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Bank of England to boost fintech by opening up RTGS

The Bank of England (BoE) announced a framework to open up its interbank payment system to fintech firms.

The UK interbank payments landscape is currently dominated by CHAPS, a same-day sterling settlement service used to transfer large amounts between businesses, as well as for property purchases.

CHAPS’s central position in the market, processing 92% of interbank payments, however, represents a degree of risk to financial stability. In 2014, the system was suspended for several hours due to technical problems. This resulted in payments being held up and caused delays for house buyers as payments were not processed on time.

Newer fintech companies and challenger banks are also concerned that they will be at a disadvantage when working with the company, as it is owned by the UK’s four biggest banks.

In response to these concerns, the Bank of England last year announced a plan to widen access to its real time gross settlement (RTGS) payment service, the system which enables large sterling transfers on a real-time basis. This will allow non-banks to bypass systems like CHAPS and access a range of payment services directly from the BoE.

This week, the Bank took the next step with the release of a detailed technical framework for how the new system will operate.

Under the plans, a payment service provider (PSP) will be given access to the RTGS system) if it can demonstrate appropriate anti-money laundering checks and can keep customers money safe.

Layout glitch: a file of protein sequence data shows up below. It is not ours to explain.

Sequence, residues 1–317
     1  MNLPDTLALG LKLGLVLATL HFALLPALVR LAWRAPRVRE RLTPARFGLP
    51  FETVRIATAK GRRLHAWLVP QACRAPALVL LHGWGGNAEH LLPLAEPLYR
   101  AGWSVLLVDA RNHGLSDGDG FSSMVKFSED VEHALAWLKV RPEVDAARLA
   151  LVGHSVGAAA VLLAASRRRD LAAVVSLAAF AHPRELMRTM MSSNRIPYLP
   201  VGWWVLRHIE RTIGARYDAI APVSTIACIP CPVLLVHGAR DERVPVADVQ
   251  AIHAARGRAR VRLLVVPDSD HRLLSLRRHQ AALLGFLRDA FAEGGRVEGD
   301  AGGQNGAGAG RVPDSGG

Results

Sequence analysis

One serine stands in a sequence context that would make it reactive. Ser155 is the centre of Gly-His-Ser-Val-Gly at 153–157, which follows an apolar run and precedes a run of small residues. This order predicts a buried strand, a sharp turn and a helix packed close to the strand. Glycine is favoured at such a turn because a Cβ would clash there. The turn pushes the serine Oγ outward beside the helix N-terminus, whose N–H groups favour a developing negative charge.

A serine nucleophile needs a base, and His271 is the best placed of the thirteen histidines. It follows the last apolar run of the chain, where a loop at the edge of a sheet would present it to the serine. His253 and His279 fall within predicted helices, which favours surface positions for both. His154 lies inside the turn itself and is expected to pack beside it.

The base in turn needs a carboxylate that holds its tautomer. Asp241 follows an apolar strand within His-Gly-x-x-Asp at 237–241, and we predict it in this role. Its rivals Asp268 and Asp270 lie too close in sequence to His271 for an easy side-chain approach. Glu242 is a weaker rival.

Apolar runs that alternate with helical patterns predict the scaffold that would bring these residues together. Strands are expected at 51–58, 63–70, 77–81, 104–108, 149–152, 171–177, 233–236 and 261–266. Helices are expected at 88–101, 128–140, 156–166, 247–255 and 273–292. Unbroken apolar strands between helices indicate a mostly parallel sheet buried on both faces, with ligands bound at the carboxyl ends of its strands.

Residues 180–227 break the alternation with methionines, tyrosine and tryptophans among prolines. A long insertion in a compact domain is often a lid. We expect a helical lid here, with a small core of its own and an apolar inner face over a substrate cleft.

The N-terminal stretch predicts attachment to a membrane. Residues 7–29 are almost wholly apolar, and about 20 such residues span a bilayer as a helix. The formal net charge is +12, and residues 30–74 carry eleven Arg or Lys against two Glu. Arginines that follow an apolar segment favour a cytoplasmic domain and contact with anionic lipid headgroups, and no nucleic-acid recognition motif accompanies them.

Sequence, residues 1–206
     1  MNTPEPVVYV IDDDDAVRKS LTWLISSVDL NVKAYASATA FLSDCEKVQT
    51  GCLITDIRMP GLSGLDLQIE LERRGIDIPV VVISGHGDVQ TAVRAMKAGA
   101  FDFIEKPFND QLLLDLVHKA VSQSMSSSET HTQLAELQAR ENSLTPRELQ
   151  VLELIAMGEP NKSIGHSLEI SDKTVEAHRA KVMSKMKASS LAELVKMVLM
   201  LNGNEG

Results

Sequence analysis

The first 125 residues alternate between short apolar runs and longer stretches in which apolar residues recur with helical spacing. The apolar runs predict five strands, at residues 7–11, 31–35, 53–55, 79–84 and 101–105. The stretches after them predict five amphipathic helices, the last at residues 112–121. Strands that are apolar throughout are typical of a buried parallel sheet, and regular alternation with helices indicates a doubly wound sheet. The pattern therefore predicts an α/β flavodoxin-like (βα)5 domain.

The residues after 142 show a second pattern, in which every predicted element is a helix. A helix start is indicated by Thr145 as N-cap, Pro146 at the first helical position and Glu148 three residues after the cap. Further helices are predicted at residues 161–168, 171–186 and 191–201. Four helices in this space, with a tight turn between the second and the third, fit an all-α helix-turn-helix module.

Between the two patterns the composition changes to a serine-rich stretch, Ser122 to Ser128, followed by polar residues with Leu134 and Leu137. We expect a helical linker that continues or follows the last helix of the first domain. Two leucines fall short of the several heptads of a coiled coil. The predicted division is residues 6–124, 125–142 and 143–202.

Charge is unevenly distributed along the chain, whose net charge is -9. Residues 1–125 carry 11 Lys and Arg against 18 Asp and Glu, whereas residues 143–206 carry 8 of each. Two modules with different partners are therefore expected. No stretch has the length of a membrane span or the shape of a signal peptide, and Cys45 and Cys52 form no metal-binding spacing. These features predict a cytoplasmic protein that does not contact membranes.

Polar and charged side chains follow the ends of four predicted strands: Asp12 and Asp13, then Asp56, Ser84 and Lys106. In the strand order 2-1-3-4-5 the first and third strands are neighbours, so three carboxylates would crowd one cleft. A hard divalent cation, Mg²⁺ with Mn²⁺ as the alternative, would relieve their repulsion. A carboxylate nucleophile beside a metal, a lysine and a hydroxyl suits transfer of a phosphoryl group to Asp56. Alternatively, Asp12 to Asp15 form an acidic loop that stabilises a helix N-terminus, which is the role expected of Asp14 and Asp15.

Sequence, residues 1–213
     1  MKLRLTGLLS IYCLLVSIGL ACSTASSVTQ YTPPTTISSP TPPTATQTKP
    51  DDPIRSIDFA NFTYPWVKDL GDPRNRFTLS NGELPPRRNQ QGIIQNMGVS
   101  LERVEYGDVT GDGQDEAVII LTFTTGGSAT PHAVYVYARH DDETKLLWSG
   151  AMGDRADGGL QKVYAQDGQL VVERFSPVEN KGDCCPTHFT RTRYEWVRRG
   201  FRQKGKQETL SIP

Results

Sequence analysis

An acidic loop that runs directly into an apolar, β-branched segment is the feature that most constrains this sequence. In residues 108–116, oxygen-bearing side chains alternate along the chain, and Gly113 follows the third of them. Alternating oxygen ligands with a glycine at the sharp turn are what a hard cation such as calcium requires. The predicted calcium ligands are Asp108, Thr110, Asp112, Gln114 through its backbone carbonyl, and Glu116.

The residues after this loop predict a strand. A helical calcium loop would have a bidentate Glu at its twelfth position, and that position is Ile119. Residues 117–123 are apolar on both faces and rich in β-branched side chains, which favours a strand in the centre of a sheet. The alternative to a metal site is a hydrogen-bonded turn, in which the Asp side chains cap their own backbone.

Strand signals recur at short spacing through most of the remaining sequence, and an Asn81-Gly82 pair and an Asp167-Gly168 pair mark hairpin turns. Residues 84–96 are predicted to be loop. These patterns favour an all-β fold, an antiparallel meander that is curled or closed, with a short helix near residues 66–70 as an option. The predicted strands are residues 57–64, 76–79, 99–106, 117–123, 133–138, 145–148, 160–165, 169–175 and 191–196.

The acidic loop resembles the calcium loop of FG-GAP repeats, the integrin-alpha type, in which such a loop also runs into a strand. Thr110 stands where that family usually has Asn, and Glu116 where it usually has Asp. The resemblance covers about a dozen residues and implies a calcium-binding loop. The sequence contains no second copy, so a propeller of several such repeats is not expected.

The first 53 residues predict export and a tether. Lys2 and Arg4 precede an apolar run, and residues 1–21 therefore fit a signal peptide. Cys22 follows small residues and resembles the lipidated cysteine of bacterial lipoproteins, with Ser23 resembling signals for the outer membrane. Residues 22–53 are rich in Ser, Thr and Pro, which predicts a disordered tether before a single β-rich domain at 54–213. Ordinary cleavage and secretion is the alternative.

The Bank hopes this new approach will relieve some of the financial stability pressures from CHAPS, while giving smaller PSPs more confidence in their payment service relationships.

The move is a further boost to the growing retail fintech sector. Combined with the European Union’s second payment services directive (PSD II) next year, it will help to put these companies on a more even footing with their bigger competitors and open up competition in retail banking services.

With greater access to customer data through PSD II, and the ability to transfer large payments in real time, fintechs will now be able to compete far more effectively with their larger rivals.

The effect could be to push greater innovation from both banks and fintech companies. This can only be a good thing for end users.

Flying the nest – twenty years of independence for The Old Lady

Twenty years ago this month, buoyed by a historic landslide victory in the 1997 general election, Chancellor of the Exchequer Gordon Brown made the surprise announcement: the Bank of England (BoE), affectionately referred to as The Old Lady, would become independent for the first time in its history.

The plans for independence were made in great secrecy. According to Mervyn King, the BoE governor at the time, Eddie George, was only told about it the day before Brown announced the decision. However, the move was hailed by both the BoE and financial markets, strengthening its credibility and creating more stability around monetary policy decisions.

Coping with crisis

However, perhaps the most volatile period over the past twenty years was the 2008 financial crisis and the subsequent fallout. This transformed the Bank’s way of working both internally and in its relationship with the politicians, financial markets and other stakeholders.

Some accused the Bank of being slow to respond to the crisis, and Katie Barker, a member of the BoE’s Monetary Policy Committee for nine years, described a “terrible group think” which prevented it from seeing the crisis emerging.

However, the Old Lady’s response to the crisis proved to be defining. A major quantitative easing (QE) programme and a prolonged period of record low interest rates have been the central pillars of the UK’s post-crisis recovery program. Many have since acknowledged have played in underpinning stability and economic growth.

Although there have been changes in personnel and processes in subsequent years, overall, the Bank emerged from the crisis with its reputation enhanced. Post-crisis reforms have further centralised its power, including returning responsibility for prudential oversight to the bank from the now-disbanded Financial Services Authority.